Emily Gunter doesn't have executive credentials, but she is in a position to exert a strong influence on the credit card industry and its emerging social agenda.

A teacher, author, and lecturer, Ms. Gunter has entered into a consulting relationship with Orchard BankCard Services in Portland, Ore.

The job is a natural extension of her message of personal growth, she said.

"This really fit the bill for me."

Ms. Gunter makes speeches and runs seminars around the country based on her recent self-help book, "Superlearning 2000: The New Technologies of Self-Empowerment."

She also has her own firm, Gunter Development Enterprises of San Diego.

A graduate of American University in Washington, Ms. Gunter, 47, said she has long been an advocate of minority opportunities. Recently she has turned her attention to credit cards.

"A lot of money that goes out of the black community" through credit card spending "never comes back," she said. Many minority merchants lack the means to accept credit cards, she added.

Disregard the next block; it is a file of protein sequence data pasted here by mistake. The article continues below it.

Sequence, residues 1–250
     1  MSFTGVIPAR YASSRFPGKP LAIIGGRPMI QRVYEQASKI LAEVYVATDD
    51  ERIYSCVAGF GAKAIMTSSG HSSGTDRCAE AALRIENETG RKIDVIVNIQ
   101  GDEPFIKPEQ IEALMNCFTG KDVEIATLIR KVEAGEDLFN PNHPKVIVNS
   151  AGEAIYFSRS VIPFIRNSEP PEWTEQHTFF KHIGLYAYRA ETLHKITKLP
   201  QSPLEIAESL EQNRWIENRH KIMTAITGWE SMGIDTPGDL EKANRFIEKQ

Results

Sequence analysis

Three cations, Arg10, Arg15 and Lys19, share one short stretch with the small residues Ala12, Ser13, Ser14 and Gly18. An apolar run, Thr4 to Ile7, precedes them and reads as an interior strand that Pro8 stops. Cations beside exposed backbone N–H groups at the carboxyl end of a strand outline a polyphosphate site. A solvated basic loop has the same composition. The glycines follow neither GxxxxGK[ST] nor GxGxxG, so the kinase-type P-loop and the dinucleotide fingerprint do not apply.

Those who know her say she pursues her mission tirelessly.

"She's a very dynamic woman who feels very strongly about bringing credit opportunities to minorities and those in the inner city," said Irving J. Levin, chief executive officer of Renaissance BankCard Services. "She has a tremendous amount of energy."

Renaissance has marketed Orchard's credit card programs for the past three and a half years.

Ms. Gunter, who is listed in "Who's Who in American Finance and Industry," said she gets a lot of satisfaction from teaching the African- American community "to start to join in the economy" through credit cards."

Credit cards are a way to recycle money through banks, merchants, and the community, she said.

"Let's use the system that's already in place."

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